SIGNets to advance fundamental research in distributed sensing
The project titled, “SIGNetS: signal and information gathering for networked surveillance", is funded under the scheme “Signal and Information Processing for Decentralised Intelligence, Surveillance, and Reconnaissance”, aims to address fundamental challenges associated with information processing and fusion in decentralised network of sensors in “Intelligence, Surveillance and Reconnaissance “ (ISR). The project is being funded by a $1.2M grant awarded by US Army and UK Ministry of Defence (MoD).
Heterogeneous and distributed sensors often are used to perform a variety of tasks such as detection, classification, recognition, localisation or tracking of objects and their states, in a contested environment, with jamming, spoofing, or destructive attacks. This raises challenges for distributed multimodal information fusion with uncertainty quantification. In addition, the sensors used may be low-cost, of limited capabilities (e.g. in processing, storage, battery), this raises the challenges of scalability of computations. In complex environments, it will be important to meet the sensing demand with adaptive management of sensors, such as resource allocation, and sensor processing and coordination. This raises the challenges of autonomous sensor management. This project aims to address these challenges, and develop new methods for uncertainty quantification, scalable Bayesian inference, intent prediction, and autonomous sensor management and communication.
This project will form a new “Application Theme” under the University Defence Research Collaboration (UDRC) in signal processing (Phase 3).
Professor Simon Godsill, the project lead, and Principal Investigator at University of Cambridge, said,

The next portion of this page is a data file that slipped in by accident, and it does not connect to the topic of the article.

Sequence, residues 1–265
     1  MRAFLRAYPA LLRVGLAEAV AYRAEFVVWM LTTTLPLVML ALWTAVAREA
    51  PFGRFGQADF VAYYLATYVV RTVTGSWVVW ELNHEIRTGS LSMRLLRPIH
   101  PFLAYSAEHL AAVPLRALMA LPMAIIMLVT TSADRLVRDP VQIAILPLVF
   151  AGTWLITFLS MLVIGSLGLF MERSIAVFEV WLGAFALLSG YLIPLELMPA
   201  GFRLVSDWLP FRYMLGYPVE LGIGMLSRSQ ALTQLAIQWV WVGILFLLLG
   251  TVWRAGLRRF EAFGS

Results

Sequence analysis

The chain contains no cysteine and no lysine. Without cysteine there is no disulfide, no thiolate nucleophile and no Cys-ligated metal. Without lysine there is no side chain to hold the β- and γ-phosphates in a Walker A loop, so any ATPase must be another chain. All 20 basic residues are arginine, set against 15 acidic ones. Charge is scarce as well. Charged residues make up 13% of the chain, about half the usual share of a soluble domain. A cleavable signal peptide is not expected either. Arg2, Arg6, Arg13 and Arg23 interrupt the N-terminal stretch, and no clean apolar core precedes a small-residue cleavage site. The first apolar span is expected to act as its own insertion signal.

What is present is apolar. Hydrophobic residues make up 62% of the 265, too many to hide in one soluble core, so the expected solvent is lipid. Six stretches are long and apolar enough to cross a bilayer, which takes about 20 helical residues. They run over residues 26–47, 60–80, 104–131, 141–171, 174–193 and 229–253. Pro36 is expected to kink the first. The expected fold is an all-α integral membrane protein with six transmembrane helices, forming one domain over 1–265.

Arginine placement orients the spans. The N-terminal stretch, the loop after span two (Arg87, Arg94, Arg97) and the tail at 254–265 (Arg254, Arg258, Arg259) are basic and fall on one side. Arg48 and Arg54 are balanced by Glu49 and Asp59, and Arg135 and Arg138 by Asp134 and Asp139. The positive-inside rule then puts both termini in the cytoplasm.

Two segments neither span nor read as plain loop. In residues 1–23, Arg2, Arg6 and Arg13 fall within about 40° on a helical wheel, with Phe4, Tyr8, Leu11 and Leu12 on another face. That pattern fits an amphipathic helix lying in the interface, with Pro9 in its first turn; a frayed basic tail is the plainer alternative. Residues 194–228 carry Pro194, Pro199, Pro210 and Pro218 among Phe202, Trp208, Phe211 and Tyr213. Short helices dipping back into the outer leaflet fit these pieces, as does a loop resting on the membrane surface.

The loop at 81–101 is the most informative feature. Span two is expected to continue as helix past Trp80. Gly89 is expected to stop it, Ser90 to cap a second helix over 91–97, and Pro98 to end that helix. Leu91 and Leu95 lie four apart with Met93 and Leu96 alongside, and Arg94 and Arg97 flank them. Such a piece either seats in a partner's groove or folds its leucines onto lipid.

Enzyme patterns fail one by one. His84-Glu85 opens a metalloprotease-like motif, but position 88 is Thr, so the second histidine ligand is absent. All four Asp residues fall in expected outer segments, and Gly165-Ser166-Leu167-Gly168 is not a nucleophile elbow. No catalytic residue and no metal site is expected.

“We are very happy to have been awarded this grant under a very competitive application process. The topic of the project in decentralised processing of multiple sensor platforms is an excellent fit with our current research programmes at Cambridge in large scale probabilistic calculations, inference about networks and groups of objects, and in analysis of intentionality in object dynamics. We look forward to fruitful interactions with our project partners at Sheffield and Surrey, as well as the works sponsors.”
I am delighted to receive this prestigious grant award. I am grateful to have this opportunity to work with a multidisciplinary team and international collaboration. Creating trustworthy methods that are able to work in dynamic environments, subject to changes and by making sense from data is in the heart of SIGNeTs project. Resilience, safety and reliability are key aspects to such trustworthy autonomous systems. This is a fantastic opportunity for co-creation and collaborations.
Professor Lyudmila Mihaylova
Professor of Signal Processing and Control, Principal Investigator at University of Sheffield
Professor Wenwu Wang, Professor in Signal Processing and Machine Learning, and Principal Investigator at University of Surrey, said,
“I am delighted for receiving this very competitive grant to pursue research in addressing fundamental challenges in distributed sensor fusion and autonomous sensor management. I have received funding support from both Phase 1 and Phase 2 of UDRC. With the Phase 3 grant, I will be able to continue working with Dstl, UDRC community, and the wide defence sector.”
Our department offers financial assistance in the form of scholarships and bursaries, in addition to the scholarships offered by the University of Sheffield.
The University’s four flagship institutes bring together our key strengths to tackle global issues, turning interdisciplinary and translational research into real-world solutions.